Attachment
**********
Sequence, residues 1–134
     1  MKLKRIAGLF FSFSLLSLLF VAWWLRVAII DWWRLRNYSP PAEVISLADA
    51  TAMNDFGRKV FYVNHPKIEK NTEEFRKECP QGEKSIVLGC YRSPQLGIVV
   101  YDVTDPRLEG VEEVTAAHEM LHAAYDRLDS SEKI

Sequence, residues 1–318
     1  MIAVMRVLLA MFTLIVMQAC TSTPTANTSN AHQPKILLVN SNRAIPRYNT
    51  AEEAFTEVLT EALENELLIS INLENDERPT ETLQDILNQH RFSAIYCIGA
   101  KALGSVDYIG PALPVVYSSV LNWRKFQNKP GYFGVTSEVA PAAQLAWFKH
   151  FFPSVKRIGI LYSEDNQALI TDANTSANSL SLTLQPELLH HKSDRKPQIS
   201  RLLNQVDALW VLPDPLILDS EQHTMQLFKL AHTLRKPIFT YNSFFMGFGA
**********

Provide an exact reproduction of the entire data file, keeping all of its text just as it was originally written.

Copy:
Sequence, residues 1–134
     1  MKLKRIAGLF FSFSLLSLLF VAWWLRVAII DWWRLRNYSP PAEVISLADA
    51  TAMNDFGRKV FYVNHPKIEK NTEEFRKECP QGEKSIVLGC YRSPQLGIVV
   101  YDVTDPRLEG VEEVTAAHEM LHAAYDRLDS SEKI

Sequence, residues 1–318
     1  MIAVMRVLLA MFTLIVMQAC TSTPTANTSN AHQPKILLVN SNRAIPRYNT
    51  AEEAFTEVLT EALENELLIS INLENDERPT ETLQDILNQH RFSAIYCIGA
   101  KALGSVDYIG PALPVVYSSV LNWRKFQNKP GYFGVTSEVA PAAQLAWFKH
   151  FFPSVKRIGI LYSEDNQALI TDANTSANSL SLTLQPELLH HKSDRKPQIS
   201  RLLNQVDALW VLPDPLILDS EQHTMQLFKL AHTLRKPIFT YNSFFMGFGA